• Self-portrait with Skeleton
      • “Self-portrait with Skeleton” by Lovis Corinth shows the artist at 38 years-old. In 1891, Corinth returned to Munich, but in 1892 he abandoned the Munich Academy and joined the Munich Secession. In 1894 he joined the Free Association, and in 1899 he participated in an exhibition organised by the Berlin Secession. These nine years in Munich were not his most productive, and he became better known for his drinking. Museum: Lenbachhaus

Degenerate Art

Degenerate Art was a term adopted in the 1920s by the Nazi Party in Germany to describe modern art. Under Adolf Hitler’s leadership, modernist art was removed from museums and banned in Nazi Germany because such art was an un-German, Jewish, or Communist. Artists labelled as degenerate artists were subjected to being dismissed from teaching positions, were forbidden to show or to sell their art and were forbidden to produce art. The Nazis promoted paintings and sculptures that were traditional, and that exalted the values of racial purity, militarism, and obedience.

Degenerate Art Exhibition

The Nazis held the Degenerate Art Exhibition in Munich in 1937, which displayed 650 modernist artworks. The art was deliberately hung chaotically and disparagingly, with accompanying labels that deriding the art. The exhibition was designed to inflame public opinion against modernism; the show subsequently travelled to several other cities in Germany and Austria.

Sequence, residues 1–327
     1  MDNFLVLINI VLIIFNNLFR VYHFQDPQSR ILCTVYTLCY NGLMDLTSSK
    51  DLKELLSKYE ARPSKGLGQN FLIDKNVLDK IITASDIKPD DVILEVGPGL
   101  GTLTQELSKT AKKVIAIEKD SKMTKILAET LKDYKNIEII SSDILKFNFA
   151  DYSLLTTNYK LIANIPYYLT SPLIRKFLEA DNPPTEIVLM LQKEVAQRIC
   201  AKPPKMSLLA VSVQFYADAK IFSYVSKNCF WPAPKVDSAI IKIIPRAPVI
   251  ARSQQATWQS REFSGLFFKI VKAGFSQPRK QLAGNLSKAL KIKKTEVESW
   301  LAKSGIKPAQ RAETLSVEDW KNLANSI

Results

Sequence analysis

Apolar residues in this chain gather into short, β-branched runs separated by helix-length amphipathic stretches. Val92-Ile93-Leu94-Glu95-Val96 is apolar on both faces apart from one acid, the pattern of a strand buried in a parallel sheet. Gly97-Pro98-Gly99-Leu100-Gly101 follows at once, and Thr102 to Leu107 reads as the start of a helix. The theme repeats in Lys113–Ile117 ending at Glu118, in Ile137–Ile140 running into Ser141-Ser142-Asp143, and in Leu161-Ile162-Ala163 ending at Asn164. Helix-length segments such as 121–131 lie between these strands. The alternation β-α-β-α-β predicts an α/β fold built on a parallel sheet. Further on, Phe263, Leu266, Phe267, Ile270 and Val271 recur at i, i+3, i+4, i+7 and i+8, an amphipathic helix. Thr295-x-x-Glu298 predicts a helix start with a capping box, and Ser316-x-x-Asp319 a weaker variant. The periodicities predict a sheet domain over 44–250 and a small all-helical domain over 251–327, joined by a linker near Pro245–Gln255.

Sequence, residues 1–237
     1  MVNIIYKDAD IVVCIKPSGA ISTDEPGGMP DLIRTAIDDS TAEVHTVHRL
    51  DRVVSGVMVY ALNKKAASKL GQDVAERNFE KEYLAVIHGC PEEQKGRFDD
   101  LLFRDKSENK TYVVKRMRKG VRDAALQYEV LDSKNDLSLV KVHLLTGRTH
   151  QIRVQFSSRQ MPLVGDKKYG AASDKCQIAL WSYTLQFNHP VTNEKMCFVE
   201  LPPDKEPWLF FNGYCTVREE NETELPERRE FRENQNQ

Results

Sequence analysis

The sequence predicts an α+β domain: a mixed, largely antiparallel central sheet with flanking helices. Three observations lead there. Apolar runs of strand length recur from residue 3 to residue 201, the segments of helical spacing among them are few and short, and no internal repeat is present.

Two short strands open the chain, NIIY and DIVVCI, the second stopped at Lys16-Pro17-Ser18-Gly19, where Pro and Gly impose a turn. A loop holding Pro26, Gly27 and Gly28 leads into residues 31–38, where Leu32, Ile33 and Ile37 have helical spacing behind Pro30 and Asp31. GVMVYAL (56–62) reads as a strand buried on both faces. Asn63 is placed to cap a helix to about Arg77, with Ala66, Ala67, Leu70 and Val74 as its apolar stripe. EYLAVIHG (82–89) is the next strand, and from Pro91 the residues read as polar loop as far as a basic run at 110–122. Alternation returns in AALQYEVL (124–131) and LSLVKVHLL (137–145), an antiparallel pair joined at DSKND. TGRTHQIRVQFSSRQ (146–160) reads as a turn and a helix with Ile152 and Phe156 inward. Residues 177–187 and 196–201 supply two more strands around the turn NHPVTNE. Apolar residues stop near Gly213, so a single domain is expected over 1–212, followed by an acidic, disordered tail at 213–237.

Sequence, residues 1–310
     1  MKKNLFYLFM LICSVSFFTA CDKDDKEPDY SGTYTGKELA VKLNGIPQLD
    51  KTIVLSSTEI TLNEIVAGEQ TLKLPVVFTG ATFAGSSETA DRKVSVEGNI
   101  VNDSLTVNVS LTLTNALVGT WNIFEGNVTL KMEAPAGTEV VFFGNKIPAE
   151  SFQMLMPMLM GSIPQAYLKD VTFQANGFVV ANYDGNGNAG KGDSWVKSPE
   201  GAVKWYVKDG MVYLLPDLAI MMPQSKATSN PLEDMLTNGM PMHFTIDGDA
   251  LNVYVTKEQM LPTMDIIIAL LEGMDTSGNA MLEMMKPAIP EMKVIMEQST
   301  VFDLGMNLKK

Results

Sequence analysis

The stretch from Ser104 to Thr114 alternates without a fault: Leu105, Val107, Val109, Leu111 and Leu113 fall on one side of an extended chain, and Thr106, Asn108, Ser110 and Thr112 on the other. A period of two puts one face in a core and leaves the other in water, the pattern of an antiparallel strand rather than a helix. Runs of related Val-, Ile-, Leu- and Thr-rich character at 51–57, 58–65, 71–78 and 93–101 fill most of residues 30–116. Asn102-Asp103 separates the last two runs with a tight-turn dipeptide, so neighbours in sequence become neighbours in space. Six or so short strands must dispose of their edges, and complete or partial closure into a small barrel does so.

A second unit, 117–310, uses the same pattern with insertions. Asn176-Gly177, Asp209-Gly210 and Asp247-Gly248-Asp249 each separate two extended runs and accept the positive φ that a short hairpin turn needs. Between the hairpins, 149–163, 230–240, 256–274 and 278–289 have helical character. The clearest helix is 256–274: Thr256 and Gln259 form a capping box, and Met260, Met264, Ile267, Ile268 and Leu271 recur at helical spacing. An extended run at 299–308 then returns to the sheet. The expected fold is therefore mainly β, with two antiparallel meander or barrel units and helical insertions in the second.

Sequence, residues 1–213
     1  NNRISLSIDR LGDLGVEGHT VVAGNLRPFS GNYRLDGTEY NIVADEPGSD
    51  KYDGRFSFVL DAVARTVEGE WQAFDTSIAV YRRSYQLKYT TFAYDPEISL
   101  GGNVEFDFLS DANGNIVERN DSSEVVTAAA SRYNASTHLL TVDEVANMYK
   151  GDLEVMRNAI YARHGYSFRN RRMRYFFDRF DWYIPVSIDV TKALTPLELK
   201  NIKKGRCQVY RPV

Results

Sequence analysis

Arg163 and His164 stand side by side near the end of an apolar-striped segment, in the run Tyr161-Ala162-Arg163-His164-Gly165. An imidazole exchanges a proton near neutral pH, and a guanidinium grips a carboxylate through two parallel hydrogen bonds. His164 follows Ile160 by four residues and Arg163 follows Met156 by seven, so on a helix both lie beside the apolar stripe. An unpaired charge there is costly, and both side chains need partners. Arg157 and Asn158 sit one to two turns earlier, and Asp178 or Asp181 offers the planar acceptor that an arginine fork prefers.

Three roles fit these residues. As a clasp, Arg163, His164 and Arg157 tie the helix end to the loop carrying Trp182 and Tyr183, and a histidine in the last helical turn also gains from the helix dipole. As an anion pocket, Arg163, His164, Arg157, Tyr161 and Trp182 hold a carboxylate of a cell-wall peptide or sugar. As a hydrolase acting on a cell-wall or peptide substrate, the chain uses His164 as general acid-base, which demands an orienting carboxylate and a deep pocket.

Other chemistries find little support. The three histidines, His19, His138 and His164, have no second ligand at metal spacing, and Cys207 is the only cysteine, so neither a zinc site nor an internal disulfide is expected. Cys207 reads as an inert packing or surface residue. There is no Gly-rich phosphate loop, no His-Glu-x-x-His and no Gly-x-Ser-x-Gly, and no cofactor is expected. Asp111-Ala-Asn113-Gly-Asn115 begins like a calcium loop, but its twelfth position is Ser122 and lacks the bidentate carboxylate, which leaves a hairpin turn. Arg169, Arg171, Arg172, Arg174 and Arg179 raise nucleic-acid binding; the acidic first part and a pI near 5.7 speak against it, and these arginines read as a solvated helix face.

After the show, the paintings were mainly sold in Switzerland at auction to raise funds for Nazi causes. Museums acquired some pieces; private collectors purchased others. Ironically, high-ranking Nazi officials took many for their private use. Hermann Göring took 14 valuable pieces, including a Van Gogh and a Cézanne. In 1939, the Berlin Fire Brigade burned about 4000 paintings, drawings and prints that had little value on the international market. This destruction of thousands of artworks was an act of unprecedented Art vandalism.

Lovis Corinth

A Tour of Artists & their Art

Reflections

  • Which portrait style do you prefer?

Lovis Corinth Quotes

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“In the autumn of 1884, I went to Paris. The spirit that greeted me was certainly more impressive than in Germany.”

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“I admire the French painting from Watteau to Monet; otherwise, there is nothing that can be said to be exceptional.”

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“My conscious motivation was to bring German art up to the highest level.”

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“Diseases, a paralysis of the left side, a monstrous right-hand tremor …
and caused by previous excesses with alcohol,
prevent me from doing any calligraphic craftsmanship.”

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“A constant effort to achieve my goal
– I’ve never reached the degree hoped – has exacerbated my life,
and every job has ended with the depression of having to go on with this life.”

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“A burning ambition has always tormented me.
There has not been a day when I did not curse my life and did not want to terminate it.”

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“My conscious motivation was to bring German art up to the highest level.”
– Lovis Corinth

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Photo Credit: Lovis Corinth [Public domain]